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Cover Democratization

18. A Decade of Democratic Decline and Stagnation  

M. Steven Fish, Jason Wittenberg, and Laura Jakli

This chapter examines key factors that lead to failed democratization. It first describes five categories of countries: established democracies, established autocracies, robust democratizers, tenuous democratizers, and failed democratizers. Using the Freedom House Index, it explains why some democratizers slid backwards while others did not. In particular, it looks at the conditions that undermine democracy and political actors, such as the chief executive, that contribute to democratization’s derailment. The chapter identifies several major structural factors that influence whether democratization succeeds fully, succeeds partially, or fails. These include poverty, a late history of national independence, a large Muslim population, economic reliance on oil and gas, and gender inequality. The chapter concludes by considering ways of reducing the hazards of democratic reversal and preventing relapses into authoritarianism, such as strengthening legislatures and curtailing executive power.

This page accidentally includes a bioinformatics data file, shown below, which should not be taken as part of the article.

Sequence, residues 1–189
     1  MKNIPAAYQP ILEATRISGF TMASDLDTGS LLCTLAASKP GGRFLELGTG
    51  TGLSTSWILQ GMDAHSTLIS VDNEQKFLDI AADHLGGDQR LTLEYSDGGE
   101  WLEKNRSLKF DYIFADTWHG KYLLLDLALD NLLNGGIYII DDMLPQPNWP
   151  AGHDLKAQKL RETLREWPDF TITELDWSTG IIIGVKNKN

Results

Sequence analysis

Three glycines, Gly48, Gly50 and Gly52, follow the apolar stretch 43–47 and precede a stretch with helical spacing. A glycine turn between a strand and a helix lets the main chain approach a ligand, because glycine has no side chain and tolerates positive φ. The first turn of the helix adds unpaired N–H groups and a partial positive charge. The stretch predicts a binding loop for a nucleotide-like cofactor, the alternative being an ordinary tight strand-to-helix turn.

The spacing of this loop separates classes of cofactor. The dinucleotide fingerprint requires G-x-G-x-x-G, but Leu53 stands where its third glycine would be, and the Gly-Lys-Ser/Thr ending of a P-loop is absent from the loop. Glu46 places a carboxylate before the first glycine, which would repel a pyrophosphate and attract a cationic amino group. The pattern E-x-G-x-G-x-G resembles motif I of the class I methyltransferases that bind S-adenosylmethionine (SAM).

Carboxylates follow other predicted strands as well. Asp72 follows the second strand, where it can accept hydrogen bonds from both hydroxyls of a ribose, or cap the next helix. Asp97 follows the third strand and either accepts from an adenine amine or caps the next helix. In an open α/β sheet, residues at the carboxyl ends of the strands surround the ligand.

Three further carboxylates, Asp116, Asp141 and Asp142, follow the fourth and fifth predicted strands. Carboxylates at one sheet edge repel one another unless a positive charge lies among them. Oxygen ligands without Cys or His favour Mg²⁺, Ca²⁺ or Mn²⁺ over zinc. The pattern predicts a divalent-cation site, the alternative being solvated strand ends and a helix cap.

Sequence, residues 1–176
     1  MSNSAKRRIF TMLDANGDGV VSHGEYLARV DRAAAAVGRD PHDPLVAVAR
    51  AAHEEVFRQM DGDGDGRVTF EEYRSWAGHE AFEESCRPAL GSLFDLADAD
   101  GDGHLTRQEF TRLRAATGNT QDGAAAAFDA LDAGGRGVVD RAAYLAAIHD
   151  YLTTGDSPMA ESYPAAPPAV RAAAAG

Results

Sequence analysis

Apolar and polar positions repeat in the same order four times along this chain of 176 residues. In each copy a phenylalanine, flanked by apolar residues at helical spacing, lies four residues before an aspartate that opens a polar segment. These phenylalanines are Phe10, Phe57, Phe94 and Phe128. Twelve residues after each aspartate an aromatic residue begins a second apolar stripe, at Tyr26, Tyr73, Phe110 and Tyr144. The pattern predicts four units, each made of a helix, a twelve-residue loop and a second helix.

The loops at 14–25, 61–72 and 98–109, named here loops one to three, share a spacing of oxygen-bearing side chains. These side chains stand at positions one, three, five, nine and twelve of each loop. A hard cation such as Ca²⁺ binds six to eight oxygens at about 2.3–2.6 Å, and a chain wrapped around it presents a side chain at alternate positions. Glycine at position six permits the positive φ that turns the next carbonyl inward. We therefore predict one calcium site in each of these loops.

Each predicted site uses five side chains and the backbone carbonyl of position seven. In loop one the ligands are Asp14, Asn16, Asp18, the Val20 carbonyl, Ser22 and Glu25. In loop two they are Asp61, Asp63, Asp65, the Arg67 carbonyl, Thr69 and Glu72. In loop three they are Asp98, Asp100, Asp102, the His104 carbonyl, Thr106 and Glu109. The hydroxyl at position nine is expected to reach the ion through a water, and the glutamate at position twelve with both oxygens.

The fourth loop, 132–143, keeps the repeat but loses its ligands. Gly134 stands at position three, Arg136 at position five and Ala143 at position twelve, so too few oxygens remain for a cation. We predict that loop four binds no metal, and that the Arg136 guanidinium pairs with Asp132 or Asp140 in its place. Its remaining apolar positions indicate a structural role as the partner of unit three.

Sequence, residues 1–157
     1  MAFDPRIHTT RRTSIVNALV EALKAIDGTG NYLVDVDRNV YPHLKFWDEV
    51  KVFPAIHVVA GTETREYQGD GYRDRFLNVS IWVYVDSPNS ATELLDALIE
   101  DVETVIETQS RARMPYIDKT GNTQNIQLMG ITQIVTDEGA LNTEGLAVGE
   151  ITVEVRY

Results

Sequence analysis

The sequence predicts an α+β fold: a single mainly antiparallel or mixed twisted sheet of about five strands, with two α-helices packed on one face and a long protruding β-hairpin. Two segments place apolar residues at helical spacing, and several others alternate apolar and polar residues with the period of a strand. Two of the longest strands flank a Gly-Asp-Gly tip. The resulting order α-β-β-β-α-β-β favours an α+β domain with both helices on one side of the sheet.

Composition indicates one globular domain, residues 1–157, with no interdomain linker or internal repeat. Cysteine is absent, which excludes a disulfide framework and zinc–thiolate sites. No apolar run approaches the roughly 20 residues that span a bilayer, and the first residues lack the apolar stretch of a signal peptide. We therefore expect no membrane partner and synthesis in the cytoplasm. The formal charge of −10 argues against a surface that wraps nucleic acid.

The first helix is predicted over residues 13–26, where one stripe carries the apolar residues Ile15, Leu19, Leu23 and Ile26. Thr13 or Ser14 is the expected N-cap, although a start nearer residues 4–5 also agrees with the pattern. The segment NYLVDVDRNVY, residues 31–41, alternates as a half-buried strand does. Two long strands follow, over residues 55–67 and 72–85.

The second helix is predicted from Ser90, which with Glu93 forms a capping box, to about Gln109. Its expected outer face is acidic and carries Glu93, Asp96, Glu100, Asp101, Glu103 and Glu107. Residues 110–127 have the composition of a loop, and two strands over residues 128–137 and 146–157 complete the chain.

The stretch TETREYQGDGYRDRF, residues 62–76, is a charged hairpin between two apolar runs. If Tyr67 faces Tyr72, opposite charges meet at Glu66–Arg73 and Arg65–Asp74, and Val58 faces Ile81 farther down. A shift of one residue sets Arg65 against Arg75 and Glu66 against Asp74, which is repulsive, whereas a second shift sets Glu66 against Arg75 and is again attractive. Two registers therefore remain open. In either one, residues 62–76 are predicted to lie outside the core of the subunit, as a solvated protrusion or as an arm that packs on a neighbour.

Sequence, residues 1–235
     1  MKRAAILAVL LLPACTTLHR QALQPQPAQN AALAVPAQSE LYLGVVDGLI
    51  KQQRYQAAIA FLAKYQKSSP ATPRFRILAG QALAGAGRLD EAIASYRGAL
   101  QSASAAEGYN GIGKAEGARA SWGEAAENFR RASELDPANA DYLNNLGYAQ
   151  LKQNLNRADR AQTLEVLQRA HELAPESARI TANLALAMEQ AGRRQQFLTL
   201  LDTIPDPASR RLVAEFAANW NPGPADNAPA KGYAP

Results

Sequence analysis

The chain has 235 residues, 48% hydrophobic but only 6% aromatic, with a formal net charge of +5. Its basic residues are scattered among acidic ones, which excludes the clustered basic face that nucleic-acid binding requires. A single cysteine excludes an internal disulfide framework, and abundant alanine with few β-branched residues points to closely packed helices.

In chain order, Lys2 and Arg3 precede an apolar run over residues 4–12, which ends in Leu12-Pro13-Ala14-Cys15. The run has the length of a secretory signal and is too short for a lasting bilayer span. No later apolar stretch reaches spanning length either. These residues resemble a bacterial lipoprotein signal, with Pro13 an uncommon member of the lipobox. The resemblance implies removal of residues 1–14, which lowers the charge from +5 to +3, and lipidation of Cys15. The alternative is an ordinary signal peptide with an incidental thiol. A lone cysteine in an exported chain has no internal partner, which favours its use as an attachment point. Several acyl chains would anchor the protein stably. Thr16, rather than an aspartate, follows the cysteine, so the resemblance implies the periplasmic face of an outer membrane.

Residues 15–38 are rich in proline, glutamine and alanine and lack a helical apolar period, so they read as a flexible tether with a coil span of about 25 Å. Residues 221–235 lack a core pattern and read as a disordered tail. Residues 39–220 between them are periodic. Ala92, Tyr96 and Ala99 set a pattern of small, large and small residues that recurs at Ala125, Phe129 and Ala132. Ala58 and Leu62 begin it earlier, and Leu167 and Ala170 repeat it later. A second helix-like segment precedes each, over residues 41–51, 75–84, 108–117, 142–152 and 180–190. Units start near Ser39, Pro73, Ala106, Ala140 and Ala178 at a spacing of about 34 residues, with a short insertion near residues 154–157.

Chapter

Cover Democratization

24. Sub-Saharan Africa  

Michael Bratton

This chapter examines efforts to introduce multi-party politics into Sub-Saharan Africa during the 1990s. It first considers regime changes in the region and shows that they result from the ‘conjuncture’ of various forces. Some of these forces are structural—such as the decline of African economies, the end of the Cold War—but political actors produce others, like incumbents’ concessions, opposition protests, and military withdrawals from politics. With reference to various African examples, the chapter emphasizes the important role played by certain structural conditions in transitions to democracy during the 1990s, but suggests that outcomes more often hinged on purposive political action. It also analyses the quality of resultant African regimes and concludes by identifying several fundamental constraints on further democratization including endemic poverty and weak states.